Top 100: The most desirable cars of all time

New Contact Lenses for ASTIGMATISM enables consistent all-day vision

By

April 27, 2005

New Contact Lenses for ASTIGMATISM enables consistent all-day vision

New Contact Lenses for ASTIGMATISM enables consistent all-day vision

Image Gallery (4 images)

April 28, 2005 Disposable contact lens specialist Vistakon has announced the availability of the first silicone hydrogel daily wear contact lens for individuals with astigmatism, a common vision problem experienced by millions of children, teenagers, and adults. The Acuvue Advance For Astigmatism utilises a new stabilisation technology that harnesses the natural pressures of a blinking eye to balance the lens in place while the eye is open and quickly realign the lens if it rotates out of position, providing patients with astigmatism with consistent, all-day vision and comfort. Most currently available soft contact lenses worn by individuals with astigmatism are prone to rotating with the eyelids' movements, causing wearers to experience some blurriness or fluctuation in vision. The new lenses also feature Hydraclear, a proprietary technology that combines an oxygen-rich material with a moisture-rich wetting agent that gives the lenses a moist, smooth feel.

Astigmatism is a vision condition that occurs when surfaces of the eye, such as the cornea, have an oval shape -- like an egg. This shape prevents light from focusing properly on the back of the eye, the retina. People with astigmatism will usually have blurred vision, and in some cases may also experience headaches, eyestrain, or fatigue.

"Almost all types of astigmatism can be optically corrected," explained Dr. Susan Resnick, an optometrist at a New York City based specialty contact lens practice. "A comprehensive optometric exam will include testing to diagnose and determine the degree of astigmatism and the appropriate vision correction."

The stability, comfort, and quality of vision throughout the day of Acuvue Advance For Astigmatism was demonstrated in a two-week, masked, multi-center clinical trial of 435 men and women between the ages of 18-39 who were contact lens wearers and had been diagnosed with astigmatism.

Participants were fit with either Acuvue Advance For Astigmatism or one of two currently available soft toric lenses (Bausch & Lomb Soflens66 Toric, Acuvue brand Toric). Patients were instructed to wear the lenses on a daily basis for two weeks. On average, study lenses were worn 12-13 hours a day. At the conclusion of the study, patients and doctors filled out a questionnaire to evaluate the performance of each lens.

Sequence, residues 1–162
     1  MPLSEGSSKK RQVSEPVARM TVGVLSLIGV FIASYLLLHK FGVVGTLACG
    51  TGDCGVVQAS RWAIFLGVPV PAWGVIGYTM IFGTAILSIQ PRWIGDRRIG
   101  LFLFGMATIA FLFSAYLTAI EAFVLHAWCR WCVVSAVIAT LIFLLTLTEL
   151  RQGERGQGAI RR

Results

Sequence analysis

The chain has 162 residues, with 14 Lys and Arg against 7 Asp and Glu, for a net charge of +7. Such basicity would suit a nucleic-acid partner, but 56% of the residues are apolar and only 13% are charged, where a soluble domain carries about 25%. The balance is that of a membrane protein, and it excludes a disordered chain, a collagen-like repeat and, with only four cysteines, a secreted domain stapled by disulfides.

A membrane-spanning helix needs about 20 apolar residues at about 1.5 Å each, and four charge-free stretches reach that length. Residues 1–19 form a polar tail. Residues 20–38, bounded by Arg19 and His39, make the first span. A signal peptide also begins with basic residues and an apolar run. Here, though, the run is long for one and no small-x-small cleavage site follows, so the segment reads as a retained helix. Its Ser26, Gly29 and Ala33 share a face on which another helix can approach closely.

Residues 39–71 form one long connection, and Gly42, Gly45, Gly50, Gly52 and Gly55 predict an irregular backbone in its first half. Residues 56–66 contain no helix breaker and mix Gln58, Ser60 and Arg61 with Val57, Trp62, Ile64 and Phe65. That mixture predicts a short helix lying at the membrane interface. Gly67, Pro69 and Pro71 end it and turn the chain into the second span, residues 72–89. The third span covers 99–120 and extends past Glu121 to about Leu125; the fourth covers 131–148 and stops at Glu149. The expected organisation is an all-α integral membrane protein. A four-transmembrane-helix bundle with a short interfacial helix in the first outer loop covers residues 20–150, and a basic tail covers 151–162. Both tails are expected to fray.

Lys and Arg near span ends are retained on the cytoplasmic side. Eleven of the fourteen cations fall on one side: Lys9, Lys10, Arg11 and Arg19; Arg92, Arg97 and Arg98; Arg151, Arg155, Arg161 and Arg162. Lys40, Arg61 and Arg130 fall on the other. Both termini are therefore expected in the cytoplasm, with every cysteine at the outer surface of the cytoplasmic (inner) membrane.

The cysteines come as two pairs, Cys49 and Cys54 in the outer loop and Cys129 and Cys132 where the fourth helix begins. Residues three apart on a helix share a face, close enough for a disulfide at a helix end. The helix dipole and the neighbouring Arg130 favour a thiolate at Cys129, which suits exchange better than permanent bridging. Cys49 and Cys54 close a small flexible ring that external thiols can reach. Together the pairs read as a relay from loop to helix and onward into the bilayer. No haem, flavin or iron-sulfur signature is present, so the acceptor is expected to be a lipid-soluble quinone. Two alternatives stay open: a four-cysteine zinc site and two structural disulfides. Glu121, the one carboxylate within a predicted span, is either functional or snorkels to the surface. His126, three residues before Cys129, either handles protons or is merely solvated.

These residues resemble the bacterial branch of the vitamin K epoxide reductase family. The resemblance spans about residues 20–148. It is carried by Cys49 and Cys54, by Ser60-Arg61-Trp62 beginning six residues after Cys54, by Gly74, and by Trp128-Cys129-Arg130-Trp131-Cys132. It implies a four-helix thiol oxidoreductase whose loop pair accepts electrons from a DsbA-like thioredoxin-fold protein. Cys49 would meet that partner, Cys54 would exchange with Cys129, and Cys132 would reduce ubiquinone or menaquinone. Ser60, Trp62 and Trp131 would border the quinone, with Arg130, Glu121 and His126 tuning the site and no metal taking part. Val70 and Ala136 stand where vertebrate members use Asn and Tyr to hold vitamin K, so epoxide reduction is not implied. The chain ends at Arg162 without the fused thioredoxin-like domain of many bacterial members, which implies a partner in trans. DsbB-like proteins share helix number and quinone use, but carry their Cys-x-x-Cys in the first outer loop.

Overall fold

In the study, Acuvue Advance For Astigmatism was the top-rated lens by both eye care professionals and patients on nearly all vision measures, including quality of vision at the end of the day, during night driving, and while playing or watching sports. Patients also reported fewer incidences of the Acuvue Advance For Astigmatism lenses moving in and out of place than did wearers of the toric lenses.

Additionally, patients wearing Acuvue Advance For Astigmatism were significantly more likely than wearers of the other lenses studied to remain comfortable with their lenses throughout the day, including time spent in front of computers and televisions, and in heated, and air-conditioned, or smoky environments. Patients fitted with Acuvue Advance For Astigmatism reported that they needed to use rewetting drops significantly less often than those wearing other lenses.

Acuvue Advance For Astigmatism is indicated for daily wear vision correction. As with all contact lenses, eye problems, including corneal ulcers, can develop. Some wearers may experience mild irritation, itching or discomfort. Lenses should not be prescribed if patients have any eye infection, or experience eye discomfort, excessive tearing, vision changes, redness or other eye problems. Consult the package insert for complete information. For further information

About the Author
Mike Hanlon After Editing or Managing over 50 print publications primarily in the role of a Magazine Doctor, Mike embraced the internet full-time in 1995 and became a "start-up all-rounder" – quite a few start-ups later, he founded Gizmag in 2002. Now he can write again.   All articles by Mike Hanlon
Related Articles
Looking for something? Search our 29,896 articles
Recent popular articles in Health and Wellbeing
Product Comparisons